Note: On February 12, 2008, the Orange County Independent Task Force completed a year-long investigation at the University of California, Irvine ( UCI). Over 80 hours of interviews, as well as, documents, written complaints and numerous visits to the campus were used in the compilation of the subsequent Report and Recommendations. Among the reports findings were that ” acts of anti-Semitism are real and well documented. Jewish students have been harassed. Hate speech has been unrelenting. For the most part, Jewish organizations in Orange County have been ineffective in dealing with anti-Semitism at UCI. Therefore, Students with a strong Jewish identity should consider enrolling elsewhere unless and until tangible changes are made.”
The University administration rightfully argued that it cannot and will not stifle free speech on campus. However, University leaders have a First Amendment right and a responsibility to identify and denounce hate speakers and hate speech and as it occurs. In our view University Of California officials, including UC President Mark Yudof, have failed to adequately address anti-semitic hate speech and harassment on it’s campuses. The complete 34 page report can be found at:
The Following is an article from the San Fransisco Chronicle:
UC report on anti-Semitism draws ire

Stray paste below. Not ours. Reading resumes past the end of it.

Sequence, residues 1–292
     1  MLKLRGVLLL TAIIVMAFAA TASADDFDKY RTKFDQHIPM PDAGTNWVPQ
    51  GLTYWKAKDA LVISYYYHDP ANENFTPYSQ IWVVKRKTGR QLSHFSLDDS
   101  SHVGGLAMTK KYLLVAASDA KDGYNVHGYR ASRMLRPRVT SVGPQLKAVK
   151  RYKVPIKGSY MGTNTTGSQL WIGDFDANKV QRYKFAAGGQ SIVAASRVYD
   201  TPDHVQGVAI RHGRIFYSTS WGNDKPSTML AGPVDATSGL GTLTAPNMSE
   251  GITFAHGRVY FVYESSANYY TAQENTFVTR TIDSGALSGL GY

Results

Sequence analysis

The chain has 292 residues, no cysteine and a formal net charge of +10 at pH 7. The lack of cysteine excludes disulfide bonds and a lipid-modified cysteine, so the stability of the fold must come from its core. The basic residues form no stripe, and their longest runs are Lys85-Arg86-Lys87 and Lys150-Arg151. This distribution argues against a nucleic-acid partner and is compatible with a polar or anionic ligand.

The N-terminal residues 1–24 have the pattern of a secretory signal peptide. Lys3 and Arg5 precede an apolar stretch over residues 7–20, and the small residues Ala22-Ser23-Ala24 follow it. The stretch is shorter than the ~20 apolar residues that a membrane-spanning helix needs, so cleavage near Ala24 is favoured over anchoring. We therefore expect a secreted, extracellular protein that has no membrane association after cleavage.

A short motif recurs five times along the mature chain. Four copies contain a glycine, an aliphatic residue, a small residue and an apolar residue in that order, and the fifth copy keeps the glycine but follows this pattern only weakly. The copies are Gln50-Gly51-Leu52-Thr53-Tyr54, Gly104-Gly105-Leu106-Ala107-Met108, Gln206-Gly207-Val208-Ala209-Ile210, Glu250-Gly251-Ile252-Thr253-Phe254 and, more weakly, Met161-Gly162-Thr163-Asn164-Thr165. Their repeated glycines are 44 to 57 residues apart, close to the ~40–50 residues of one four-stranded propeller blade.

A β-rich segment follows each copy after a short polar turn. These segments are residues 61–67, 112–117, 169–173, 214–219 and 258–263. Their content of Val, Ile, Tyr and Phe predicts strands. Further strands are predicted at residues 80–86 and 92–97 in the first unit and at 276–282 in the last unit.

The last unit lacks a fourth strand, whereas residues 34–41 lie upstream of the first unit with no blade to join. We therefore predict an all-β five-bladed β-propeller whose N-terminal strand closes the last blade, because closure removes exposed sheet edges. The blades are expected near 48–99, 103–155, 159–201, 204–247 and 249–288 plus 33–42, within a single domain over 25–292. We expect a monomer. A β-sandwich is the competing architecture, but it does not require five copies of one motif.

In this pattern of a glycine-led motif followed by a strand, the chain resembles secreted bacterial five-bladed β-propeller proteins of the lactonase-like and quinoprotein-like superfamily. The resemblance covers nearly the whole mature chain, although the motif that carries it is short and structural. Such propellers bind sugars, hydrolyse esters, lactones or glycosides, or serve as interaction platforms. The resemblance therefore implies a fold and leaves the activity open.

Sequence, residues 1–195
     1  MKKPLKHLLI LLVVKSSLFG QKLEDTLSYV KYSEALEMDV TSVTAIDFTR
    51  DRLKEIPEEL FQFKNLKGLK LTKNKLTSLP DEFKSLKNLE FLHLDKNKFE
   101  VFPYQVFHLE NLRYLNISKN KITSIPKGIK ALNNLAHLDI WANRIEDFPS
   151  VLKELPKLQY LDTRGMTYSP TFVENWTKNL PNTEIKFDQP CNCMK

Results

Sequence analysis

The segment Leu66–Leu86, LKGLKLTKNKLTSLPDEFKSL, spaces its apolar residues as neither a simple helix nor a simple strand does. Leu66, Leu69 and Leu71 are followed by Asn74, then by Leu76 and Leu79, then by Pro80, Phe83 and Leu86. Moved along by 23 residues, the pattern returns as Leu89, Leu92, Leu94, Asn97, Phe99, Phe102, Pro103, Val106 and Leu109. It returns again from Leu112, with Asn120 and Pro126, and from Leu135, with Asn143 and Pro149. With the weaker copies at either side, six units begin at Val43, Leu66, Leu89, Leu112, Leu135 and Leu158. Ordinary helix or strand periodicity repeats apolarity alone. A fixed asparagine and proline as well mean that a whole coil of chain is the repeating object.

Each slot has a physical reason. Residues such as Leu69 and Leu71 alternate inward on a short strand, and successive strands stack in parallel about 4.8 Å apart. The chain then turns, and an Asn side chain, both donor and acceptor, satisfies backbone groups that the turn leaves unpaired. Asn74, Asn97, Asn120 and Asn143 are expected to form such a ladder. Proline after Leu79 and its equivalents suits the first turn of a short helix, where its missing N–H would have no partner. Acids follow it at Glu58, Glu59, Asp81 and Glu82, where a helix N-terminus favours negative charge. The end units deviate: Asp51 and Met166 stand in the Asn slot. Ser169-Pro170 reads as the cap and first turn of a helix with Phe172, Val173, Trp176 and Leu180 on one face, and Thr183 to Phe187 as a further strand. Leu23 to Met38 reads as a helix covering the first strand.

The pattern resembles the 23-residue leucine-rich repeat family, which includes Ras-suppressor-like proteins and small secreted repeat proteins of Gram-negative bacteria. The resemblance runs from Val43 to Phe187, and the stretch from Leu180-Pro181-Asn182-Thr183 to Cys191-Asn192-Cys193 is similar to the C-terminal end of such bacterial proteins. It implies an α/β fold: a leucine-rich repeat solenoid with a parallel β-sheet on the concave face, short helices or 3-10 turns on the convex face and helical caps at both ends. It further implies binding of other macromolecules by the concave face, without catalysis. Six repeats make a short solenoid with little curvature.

Nanette Asimov Updated 10:56 a.m., Thursday, August 9, 2012
Katherine Orr had just started her freshman year at UC Berkeley last August when she was stunned to see five students in military fatigues carrying what looked like rifles and stopping students at Sather Gate.
“They were asking people, ‘Are you Jewish?’ They were trying to be like soldiers interrogating Palestinians along the border,” Orr said. “They were re-enacting what was happening on the West Bank.”
To students who regard Israel as an essential Jewish homeland, this event and others like it that are staged each year on University of California campuses seem hostile, like poorly concealed anti-Semitism – especially when the Israeli flag with its Star of David is paired with a Nazi swastika, says a new report by a UC fact-finding team seeking to understand Jewish students’ experiences.
But to students who oppose Israeli policies and support such sensational protest methods, some recommendations by the team – that UC adopt a definition of anti-Semitism, prohibit hate speech and consider banning campus sponsorship of offensive activities – have become a new subject for protest. Continue reading